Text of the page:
be here now

Today my friend Josh (of Press Pause to Reflect) leaves for a graduate program in Israel. Another tally for the transitory nature of things, especially at this point in our lives for a lot of the people I know - all our friends are leaving, coming or going, and we just have to keep going.

I think when people find out that I identify as a Buddhist, many of them imagine that I've got it all figured out. It seems like a lot of folks assume that all Buddhists are already enlightened - but I am more Atlas than Buddha, to be honest. It's hard for me to let things go, especially the past. I carry this world of my history around, slowly spinning on my back, unable to just set it down most of the time.

One of my first introductions to Buddhism was Allen Ginsburg's Deliberate Prose, in an essay about either drugs or meditating - the piece of advice he received from his teacher was applicable to both. "If you find something awful," he said, "let it go. If you find something beautiful, let it go." But there was also Kerouac, and my 17-year-old self identified so strongly with this man who remembered too much and wrote it down. A friend once told me, you remember so much, and partially this is the disease of diary-writing - I have all these events floating around in my head, so I am constantly remembering where I have been, who I have been. It's hard to let go of that, to be here now, to remember that life is too frequently elsewhere but it shouldn't be.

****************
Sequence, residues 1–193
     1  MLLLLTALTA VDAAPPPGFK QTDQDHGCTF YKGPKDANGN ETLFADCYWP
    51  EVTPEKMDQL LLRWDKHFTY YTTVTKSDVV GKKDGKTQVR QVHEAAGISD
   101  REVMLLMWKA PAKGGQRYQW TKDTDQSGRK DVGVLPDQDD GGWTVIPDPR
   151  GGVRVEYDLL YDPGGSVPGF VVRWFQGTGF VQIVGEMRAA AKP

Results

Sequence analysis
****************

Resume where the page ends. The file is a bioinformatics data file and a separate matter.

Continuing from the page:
Before yoga class begins, our teacher asks us to bring our hands together in front of our hearts and set an intention for that night's practice. Mine is always to focus on being in my body in that moment. I'm not sure it's something I'll achieve one hundred percent any time soon, but the only thing I can do is keep trying.

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